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Thread: Planer Question. Need one.

  1. #1
    Join Date
    Mar 2011
    Red Feather Lakes, CO

    Planer Question. Need one.

    I need a planer. I think I want to get this:

    Question 1:
    Is 12 inches wide enough? I am going to be making cabinets, doors, dining room table, end tables..... Well, just about anything.

    Question 2:
    Has anyone had any experience with this model planer and if so how reliable and easy to work with is it? How well does it do what it is supposed to do?

    It wasn't a party unless it involved fire, an ATV, a chain saw and whiskey.

  2. #2
    Join Date
    Oct 2006
    ABQ NM
    My Answer #1:

    A lot of folks do some great work with nothing bigger than a 12" planer. If you are planing single plank boards, you're not likely to run into many that are more than 12" wide. If you're planing glue-ups (like cabinet faces or cutting boards), the 12" might become a limiting just have to ensure your glue-up are lined up flatter in the clamps. (Or at least I do, if I'm making something wider than 12".) I think among hobbyist woodworkers (and a number of pros), they get more use out of a 12" planer and a drum sander than they would from a 15" or 20" planer for about the same cost.

    My Answer #2:

    I have no experience with the Makita planer, but everything I recall reading about it was very positive. The Amazon reviews tell that tale pretty well.
    When the going gets weird, the weird turn pro. - Hunter S. Thompson
    When the weird get going, they start their own forum. - Vaughn McMillan

  3. #3
    Join Date
    Jul 2009
    Amherst, New Hampshire
    I've never needed more that the 12 1/2" my Dewalt 734 has. You can probably get the DeWalt for over $100.00 less.
    If you are spending over $525 for a planer for a little more you could get the Dewalt 735.
    Never heard anything bad about the Makita though.
    Faith, Hope & Charity

  4. #4
    Join Date
    May 2011
    Cape Cod, Ma.
    Questions you need to ask yourself:
    How much volume are you going to be running through the machine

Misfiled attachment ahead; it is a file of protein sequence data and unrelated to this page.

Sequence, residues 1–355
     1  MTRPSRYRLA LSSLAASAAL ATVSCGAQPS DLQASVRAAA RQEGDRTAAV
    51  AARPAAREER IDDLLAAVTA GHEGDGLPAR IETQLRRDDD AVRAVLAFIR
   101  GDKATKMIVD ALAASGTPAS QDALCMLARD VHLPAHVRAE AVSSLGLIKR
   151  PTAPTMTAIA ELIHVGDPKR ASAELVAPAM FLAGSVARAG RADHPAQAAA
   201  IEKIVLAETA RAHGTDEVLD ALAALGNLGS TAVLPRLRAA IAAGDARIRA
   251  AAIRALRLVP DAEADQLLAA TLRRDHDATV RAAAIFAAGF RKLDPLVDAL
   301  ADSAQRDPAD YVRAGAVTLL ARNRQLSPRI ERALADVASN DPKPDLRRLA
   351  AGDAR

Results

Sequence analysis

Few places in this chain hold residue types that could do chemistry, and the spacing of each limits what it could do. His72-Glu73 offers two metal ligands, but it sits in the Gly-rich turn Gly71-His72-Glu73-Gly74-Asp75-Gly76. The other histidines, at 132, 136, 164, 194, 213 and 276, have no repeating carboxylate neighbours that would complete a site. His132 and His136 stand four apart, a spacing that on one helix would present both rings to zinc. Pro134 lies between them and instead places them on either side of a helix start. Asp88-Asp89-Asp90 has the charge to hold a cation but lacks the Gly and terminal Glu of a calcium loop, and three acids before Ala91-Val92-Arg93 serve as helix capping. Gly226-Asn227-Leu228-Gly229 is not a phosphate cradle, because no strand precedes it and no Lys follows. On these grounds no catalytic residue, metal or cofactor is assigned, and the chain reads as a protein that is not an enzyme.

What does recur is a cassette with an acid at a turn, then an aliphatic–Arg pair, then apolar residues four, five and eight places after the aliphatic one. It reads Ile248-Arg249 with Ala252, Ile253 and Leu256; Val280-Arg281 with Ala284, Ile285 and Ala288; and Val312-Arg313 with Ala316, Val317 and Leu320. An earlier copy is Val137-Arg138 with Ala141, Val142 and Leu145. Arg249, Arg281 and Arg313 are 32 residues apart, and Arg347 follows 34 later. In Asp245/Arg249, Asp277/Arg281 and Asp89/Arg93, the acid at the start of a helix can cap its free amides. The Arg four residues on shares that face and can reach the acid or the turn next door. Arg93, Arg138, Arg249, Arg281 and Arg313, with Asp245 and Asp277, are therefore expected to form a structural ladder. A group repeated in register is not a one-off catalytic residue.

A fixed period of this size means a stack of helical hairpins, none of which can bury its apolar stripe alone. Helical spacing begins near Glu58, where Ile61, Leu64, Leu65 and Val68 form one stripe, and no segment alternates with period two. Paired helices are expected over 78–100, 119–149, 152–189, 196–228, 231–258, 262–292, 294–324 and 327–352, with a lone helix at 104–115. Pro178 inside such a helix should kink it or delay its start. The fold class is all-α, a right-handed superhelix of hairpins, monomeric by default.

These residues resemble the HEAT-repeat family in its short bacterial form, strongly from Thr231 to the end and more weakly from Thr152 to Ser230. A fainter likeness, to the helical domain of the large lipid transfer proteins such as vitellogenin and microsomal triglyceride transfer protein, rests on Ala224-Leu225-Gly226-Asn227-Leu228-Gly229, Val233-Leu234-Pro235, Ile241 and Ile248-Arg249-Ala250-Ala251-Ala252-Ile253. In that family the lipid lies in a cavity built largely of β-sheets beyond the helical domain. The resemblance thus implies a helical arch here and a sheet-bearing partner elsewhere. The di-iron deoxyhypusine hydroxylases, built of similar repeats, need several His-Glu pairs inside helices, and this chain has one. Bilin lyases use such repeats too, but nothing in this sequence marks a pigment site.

and how wide do you need it.

    you somewhat answered the second question by the fact you will be running panels through it. Those will exceed the width of your machine more times than not.

    As far as volume is concerned, that is going to play a bigger factor as those table top planers, although they do a nice job, are notoriously slow.
    I used a 13" delta tabletop for years. It does a great job and I will now move that out into the field, if and when I go back to trimming and site building small items. From a production standpoint it was a real turtle both from speed and power.

    If you plane most/all of your stock and you do a fair amount of volume, and can squeak it into the budget step up to a full size machine, Grizzly makes a 15 inch planer that will give you an almost perfect surface, 2 speeds 16fpm and 30 fpm. has a 3hp motor that will power through most woods. (I have just finished planing over 500 bf of maple and cherry from rough and it barely broke a sweat)

    If you can justify the investment you won't regret it. My delta, as handy as it was, actually cost me money in time the last few jobs before I got the larger machine.

  5. #5
    Join Date
    Apr 2007
    No, not all of SoCal is Los Angeles!
    #1. The 12.5" DeWalt DW734 served me well for a lot of years; so well that I have kept it after getting a 15" spiral head floor model. The DW734 has 3 double sided knives vs. the Makit's 2 and is only $369 on Amazon right now.

    #2. No experience with this planer but Makita generally makes good stuff. There are many DW734 owners out there that are happy and will probably chime in. Is there something that draws you to the Makita besides the higher price, less cuts per foot, lighter weight, non-included dust hood and the auto carriage lock (which does sound pretty cool BTW)?

    I got the larger planer mostly because I wanted a spiral head for the figured woods I work with. Putting a spiral head on a smaller machine was close enough to the larger machine's cost to push me over when it was time to make a change. The 12-1/2" capacity was rarely a problem for me and not the real driving force behind the upgrade.

    Smaller machines are louder and need to be used within their operating design but, I was always happy with mine except for use on figured material. If you have not had a planer, one in this size should be quite satisfactory for quite awhile. The Makita seems a bit pricey but, I have not researched it. There may be a very good reason.

    P.s. This does read a bit biased and I should qualify that the only small planers I have worked with were the DeWalt DW733, 734 and 735 models so I speak from a narrow experience base.
    Last edited by glenn bradley; 05-19-2011 at 01:07 PM.
    Any sufficiently advanced technology is indistinguishable from magic.
    - Arthur C. Clarke

  6. #6
    Join Date
    Nov 2006
    Mountain Home, Arkansas
    Can't comment on the Makita even though price seems a bit high for a 12 incher. I'm very happy with my Grizzly 12 1/2 G0505. I has double-sided blades that are 1/8" thick as opposed to single sided 1/16" blades. This was a lifesaver for me one time when some nitty-gritty dirty wood went through and messed up the blades. I just turned them over and kept working. For what I do it has plenty of power and is a real working hoss.
    However, I surely wish I had a repeatable setting for thickness. That would be a great feature. If I ever upgrade that will be a priority #1 feature I'll demand.
    "Folks is funny critters."

    Think for yourselves and let others enjoy the privilege to do so, too. ~Voltaire

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